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Topic: Travel WITHOUT gasoline or saddle sores or calluses

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Subject: Travel WITHOUT gasoline or saddle sores or calluses
Date Posted: 6/21/2013 4:11 PM ET
Member Since: 10/17/2006
Posts: 1,427
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My "travel" book is a particular pleasure just now, because I am having to do some rehab for some bodily aches and pains.  I am enjoying reading

Isabella Bird's account of her travel by rail (steam locomotives, back then), by horseback (including one skittish animal from the local livery),

and afoot (when the horse, spooked by a bear,  unseated Isabel and ran off) in  sparsely settled parts of the" Old West".

The book, A Lady's Life in the Rocky Mountains, consists of 17 letters originally written to her sister.  In them, the intrepid Englishwoman describes

the places she visited and the people with whom she interacted.  One "character" of special note is the mysterious one-eyed desperado known as Mountain Jim.



Last Edited on: 3/16/14 7:41 PM ET - Total times edited: 1
Date Posted: 6/22/2013 4:06 PM ET
Member Since: 6/30/2008
Posts: 3,010
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travel books are one of my favorite genres. I have read many over the years.

Date Posted: 6/22/2013 7:14 PM ET
Member Since: 9/14/2009
Posts: 611
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Bonnie, I read that book by Isabella Bird back in 2011, and I really enjoyed it also. Long Riders' Guild Press puts out a number of similar type books about  travels by horseback.  In fact, there is another for Isabella Bird that they publish called, 'Among the Tibetans'. I'm currently looking for, 'Last of the Saddle Tramps' by Messanie Wilkins.  I guess it is part of a series they publish called Equestrian Travel Classics.  Anyhow, that publisher has some interesting titles. These types of travel books are a pleasure for sure, and I always end up admiring those adventurous souls.

Date Posted: 6/23/2013 10:08 AM ET
Member Since: 9/25/2006
Posts: 314
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I liked A Lady's Life in the Rocky Mountains because it consisted of letters. The tone is spontaneous and fresh, in contrast to much late Victorian travel narrative, ornate. Also, it gave me a sense of how deprived and grim the lives of people "out there" were. Bird's books about Tibet and Hokkaido are sitting on my shelf.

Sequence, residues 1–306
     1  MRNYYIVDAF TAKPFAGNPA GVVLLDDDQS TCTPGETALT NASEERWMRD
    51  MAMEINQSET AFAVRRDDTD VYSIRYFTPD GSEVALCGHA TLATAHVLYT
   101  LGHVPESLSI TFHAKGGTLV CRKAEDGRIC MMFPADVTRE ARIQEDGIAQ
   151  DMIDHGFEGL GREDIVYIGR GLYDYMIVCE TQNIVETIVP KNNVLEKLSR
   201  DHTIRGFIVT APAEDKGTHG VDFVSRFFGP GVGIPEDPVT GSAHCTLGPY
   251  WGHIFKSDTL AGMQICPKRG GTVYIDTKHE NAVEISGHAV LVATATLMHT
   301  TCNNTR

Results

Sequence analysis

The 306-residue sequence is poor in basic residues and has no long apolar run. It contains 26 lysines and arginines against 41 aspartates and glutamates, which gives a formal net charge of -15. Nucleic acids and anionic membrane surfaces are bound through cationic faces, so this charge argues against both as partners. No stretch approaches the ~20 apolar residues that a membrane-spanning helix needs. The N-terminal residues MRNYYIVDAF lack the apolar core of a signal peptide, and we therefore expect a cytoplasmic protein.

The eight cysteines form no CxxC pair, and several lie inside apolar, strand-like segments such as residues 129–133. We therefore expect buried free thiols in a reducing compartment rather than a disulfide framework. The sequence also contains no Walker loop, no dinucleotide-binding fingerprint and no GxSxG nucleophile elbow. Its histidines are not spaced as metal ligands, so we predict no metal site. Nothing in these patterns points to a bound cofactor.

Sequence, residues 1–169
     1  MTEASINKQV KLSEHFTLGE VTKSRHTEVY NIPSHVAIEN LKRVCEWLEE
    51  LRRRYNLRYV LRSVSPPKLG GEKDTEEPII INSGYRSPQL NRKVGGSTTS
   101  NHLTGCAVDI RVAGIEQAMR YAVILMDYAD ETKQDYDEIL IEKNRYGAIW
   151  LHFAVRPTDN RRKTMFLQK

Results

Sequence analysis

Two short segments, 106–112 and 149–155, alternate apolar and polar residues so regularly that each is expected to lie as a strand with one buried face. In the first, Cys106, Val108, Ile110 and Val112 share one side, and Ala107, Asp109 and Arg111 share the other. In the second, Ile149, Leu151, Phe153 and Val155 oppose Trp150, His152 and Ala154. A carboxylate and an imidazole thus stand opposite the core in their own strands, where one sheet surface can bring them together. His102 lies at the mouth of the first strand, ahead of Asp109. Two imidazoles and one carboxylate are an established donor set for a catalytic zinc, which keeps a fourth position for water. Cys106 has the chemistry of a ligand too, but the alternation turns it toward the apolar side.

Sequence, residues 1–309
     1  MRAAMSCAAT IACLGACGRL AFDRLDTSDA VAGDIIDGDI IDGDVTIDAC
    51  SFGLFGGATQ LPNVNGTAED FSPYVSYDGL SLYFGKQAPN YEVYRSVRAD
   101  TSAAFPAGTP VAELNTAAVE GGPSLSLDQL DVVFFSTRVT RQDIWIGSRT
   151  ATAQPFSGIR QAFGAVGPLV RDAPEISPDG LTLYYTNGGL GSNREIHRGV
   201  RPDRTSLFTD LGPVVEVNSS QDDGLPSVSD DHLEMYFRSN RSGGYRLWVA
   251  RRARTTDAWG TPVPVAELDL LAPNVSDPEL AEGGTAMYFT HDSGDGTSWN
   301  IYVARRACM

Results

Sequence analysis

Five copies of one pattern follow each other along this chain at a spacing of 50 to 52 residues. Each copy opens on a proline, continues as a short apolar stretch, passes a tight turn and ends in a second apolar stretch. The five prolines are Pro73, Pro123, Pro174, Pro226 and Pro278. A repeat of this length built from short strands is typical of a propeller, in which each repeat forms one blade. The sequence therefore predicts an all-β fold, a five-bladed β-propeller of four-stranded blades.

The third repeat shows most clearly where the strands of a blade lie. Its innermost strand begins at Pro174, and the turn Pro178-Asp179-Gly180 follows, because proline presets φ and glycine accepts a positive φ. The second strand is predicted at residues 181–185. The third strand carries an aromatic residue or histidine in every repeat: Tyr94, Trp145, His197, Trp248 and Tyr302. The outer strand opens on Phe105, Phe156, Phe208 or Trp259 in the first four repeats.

Last Edited on: 7/12/13 3:00 PM ET - Total times edited: 1
Date Posted: 6/25/2013 5:52 PM ET
Member Since: 9/14/2009
Posts: 611
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I agree Matt.  Because the book is of an epistolary nature, it gives a refreshing sense of reality to what might have been just another Victorian style travel tale. I love a true slice-of-life look at these past times!

Date Posted: 2/25/2014 9:33 AM ET
Member Since: 6/30/2008
Posts: 3,010
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just read Orient Express by John Dos Passos. I read this book many years ago but I got it at that time through inter library loan so I had to read it fairly quickly to get it back to the library. I have my own copy of the book now so I can read it any time. The book is a really interesting snapshot of a particular time and place. The book has nothing to do with the train of the same name.

Date Posted: 2/25/2014 10:39 PM ET
Member Since: 11/18/2009
Posts: 551
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I'm going to check out Isabella Bird! Thanks for the tip.

                                                    Rose

(I'd only heard of her before in connection with travel clothing.)



Last Edited on: 2/25/14 10:40 PM ET - Total times edited: 1
Date Posted: 3/15/2014 10:48 AM ET
Member Since: 6/30/2008
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From Heaven Lake Travels Through Sinkiang and Tibet
Author: Vikram Seth

just requested this book this morning. the reviews look good. I'm looking forward to getting it.

Date Posted: 3/16/2014 9:33 AM ET